Grade Four and Standard Eight national tests that were scheduled to start today have been postponed to Wednesday due to the Mashujaa Day celebrations.
The Kenya National Examination Council (Knec) has issued a circular to all head teachers asking them to adjust to the new dates.
"The purpose of this letter therefore is to inform you that due to the Mashujaa Day celebrations on October 20, the date for administration of learning assessment tools has changed," Knec acting Chief Executive Mercy Karogo said in the October 16 memo. Dr Karogo said the assessments will now be administered from Wednesday, October 21, to Monday, October 26.
The Knec boss said the assessments for other classes will be conducted upon reopening of specific grades.
The Education ministry is yet to announce the official dates when Grades One to Three, Standard 5 to Standard 7 and Form One to Three will report.
However, Education Cabinet Secretary George Magoha last week asked parents to start preparing their children to resume school in two weeks' time.
The examining council had announced that the exams will be administered from today to Thursday.
The assessments are meant to test learners' understanding and ability to remember what they had learnt before schools closed on March 15.
The assessments are also meant to replace the term one exams.
However, Knec has said the assessments are not examinations and asked learners not to panic.
"Assessments are part of the Global Partnership for Education grant by the government to mitigate the impact of Covid-19 on education systems and help in recovery," said Dr Karogo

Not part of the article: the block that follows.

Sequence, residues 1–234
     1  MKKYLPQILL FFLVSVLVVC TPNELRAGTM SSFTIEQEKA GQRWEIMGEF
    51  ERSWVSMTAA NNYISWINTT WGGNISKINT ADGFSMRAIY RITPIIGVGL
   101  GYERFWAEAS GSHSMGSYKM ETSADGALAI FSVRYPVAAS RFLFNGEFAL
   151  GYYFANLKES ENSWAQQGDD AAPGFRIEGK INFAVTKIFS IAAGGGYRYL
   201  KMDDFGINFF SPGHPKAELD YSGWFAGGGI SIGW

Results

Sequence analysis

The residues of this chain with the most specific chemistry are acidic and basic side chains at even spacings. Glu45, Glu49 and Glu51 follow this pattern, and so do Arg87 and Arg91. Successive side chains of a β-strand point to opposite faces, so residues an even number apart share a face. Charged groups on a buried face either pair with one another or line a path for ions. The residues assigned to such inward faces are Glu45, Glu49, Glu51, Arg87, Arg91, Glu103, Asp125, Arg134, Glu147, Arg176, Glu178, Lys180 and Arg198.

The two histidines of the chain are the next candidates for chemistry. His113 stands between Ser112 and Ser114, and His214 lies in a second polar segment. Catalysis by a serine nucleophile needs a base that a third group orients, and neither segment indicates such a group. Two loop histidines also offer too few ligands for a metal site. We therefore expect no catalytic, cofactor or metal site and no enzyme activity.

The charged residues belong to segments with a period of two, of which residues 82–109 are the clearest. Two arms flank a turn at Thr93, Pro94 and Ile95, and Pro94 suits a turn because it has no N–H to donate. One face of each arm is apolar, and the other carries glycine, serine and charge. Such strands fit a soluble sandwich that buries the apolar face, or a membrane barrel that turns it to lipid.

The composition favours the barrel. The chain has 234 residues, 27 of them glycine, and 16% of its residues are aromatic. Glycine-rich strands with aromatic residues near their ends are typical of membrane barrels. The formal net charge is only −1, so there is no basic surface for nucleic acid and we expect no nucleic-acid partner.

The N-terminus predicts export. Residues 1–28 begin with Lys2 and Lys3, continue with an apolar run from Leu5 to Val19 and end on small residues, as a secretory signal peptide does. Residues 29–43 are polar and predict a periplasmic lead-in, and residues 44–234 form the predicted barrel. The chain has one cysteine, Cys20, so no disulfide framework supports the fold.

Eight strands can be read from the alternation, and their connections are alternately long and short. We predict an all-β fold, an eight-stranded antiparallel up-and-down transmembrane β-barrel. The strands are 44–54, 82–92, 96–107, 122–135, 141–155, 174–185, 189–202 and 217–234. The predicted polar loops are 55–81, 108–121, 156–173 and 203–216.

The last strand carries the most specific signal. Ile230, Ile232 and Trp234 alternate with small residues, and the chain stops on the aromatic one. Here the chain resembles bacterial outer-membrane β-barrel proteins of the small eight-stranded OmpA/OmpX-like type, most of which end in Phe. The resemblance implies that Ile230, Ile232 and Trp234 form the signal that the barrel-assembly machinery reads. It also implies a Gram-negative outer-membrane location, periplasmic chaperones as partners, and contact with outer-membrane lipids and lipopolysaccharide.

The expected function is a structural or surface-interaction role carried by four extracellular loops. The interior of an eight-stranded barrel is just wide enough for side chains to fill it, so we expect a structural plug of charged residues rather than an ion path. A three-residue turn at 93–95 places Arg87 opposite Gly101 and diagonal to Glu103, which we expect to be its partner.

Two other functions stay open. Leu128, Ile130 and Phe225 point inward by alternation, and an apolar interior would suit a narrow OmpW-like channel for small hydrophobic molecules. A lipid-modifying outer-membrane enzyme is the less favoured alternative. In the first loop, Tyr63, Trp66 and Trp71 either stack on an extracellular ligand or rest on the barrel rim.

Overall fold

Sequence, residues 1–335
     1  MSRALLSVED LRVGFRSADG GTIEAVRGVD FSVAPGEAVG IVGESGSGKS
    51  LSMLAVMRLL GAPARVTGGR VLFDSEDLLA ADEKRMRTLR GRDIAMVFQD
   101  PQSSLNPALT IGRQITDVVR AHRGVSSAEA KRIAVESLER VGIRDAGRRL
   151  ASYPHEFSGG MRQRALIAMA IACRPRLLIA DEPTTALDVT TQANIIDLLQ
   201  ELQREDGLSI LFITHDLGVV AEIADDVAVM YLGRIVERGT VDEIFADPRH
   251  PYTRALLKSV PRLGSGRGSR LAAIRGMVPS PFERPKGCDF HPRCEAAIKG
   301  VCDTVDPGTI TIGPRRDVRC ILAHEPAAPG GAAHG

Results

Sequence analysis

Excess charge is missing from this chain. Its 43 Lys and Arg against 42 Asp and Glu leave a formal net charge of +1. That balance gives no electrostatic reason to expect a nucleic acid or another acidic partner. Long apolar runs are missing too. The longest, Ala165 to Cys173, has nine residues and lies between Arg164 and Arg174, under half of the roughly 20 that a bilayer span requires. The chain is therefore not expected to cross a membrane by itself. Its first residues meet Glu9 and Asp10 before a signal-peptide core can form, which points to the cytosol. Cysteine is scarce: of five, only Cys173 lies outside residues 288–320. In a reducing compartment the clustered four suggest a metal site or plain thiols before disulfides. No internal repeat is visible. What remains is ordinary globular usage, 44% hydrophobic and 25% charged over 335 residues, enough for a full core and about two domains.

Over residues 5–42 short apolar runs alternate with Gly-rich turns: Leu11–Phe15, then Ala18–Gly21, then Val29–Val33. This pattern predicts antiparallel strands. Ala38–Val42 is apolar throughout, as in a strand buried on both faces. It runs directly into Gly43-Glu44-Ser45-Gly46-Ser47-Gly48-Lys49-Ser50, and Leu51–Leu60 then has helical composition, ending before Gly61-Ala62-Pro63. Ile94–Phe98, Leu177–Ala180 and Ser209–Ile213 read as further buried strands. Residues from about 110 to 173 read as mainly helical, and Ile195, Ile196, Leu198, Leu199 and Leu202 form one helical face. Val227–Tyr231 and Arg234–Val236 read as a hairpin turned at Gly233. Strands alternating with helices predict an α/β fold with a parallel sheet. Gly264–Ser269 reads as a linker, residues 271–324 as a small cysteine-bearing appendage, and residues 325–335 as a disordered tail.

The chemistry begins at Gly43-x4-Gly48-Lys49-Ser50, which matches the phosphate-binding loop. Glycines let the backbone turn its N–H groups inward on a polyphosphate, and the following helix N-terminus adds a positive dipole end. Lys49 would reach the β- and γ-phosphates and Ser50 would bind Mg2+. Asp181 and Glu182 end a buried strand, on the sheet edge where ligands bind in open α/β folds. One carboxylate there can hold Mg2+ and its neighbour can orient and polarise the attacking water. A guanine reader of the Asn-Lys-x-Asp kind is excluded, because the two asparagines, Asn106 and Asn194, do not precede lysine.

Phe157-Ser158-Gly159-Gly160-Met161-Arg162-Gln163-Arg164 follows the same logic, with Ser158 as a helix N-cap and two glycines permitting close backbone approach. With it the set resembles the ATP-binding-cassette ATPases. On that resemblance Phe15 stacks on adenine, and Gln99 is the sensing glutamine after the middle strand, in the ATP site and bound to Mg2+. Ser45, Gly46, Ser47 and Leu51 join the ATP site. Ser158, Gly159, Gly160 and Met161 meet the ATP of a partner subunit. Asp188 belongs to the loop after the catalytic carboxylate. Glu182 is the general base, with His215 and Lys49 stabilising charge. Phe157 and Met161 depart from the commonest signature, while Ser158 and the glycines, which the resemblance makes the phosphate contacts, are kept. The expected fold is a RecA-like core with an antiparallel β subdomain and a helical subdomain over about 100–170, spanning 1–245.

Knec is using the concept that was used to test learners in Grade 3 last year.
The learners are being tested amid major concerns from stakeholders over preparedness to take the tests.
This is considering the fact that most learners in public schools did not engage in online classes during the six-month break occasioned by the Covid-19 pandemic. The long break saw the majority of private schools continue with their syllabus, leaving those in public schools behind.
Even though the Kenya Institute of Curriculum Development (KICD) was offering broadcast lessons, teachers said the lessons did not meet the needs of learners. They also complained that not all learners had access to the lessons.
However, Prof Magoha asked schools to resume the syllabus from where they left.
Last week, Knec released the assessment timetables and also issued guidelines to schools to guide in the administration.
The assessments will be administered at school level as per the guidelines and assessment schedules provided by Knec.
"Teachers will upload the scores onto the Knec portal using the guidelines provided by Knec," said Dr Karogo.
The guidelines are contained in the administration documents, which will be uploaded onto the assessments portal alongside the assessment tools.
The tests are also being administered at a time when teachers are engaging learners in a crash programme to finish this year's syllabus by March next year.
KICD director Charles Ochieng' Ong'ondo said the curriculum developer syllabuses and designs have guidelines on the time it should take to cover topics.
"In the present circumstances, the key concern would be that all prescribed content is satisfactorily covered. Schools and teachers will be free to employ various creative ways to cover the prescribed content," said Prof Ong'ondo.
He said even before the Covid-19 pandemic, it was not uncommon to find schools that would cover some aspects of the syllabus and designs earlier than others. He said the key issue is to ensure teachers are satisfied that the expected learning outcomes have been attained.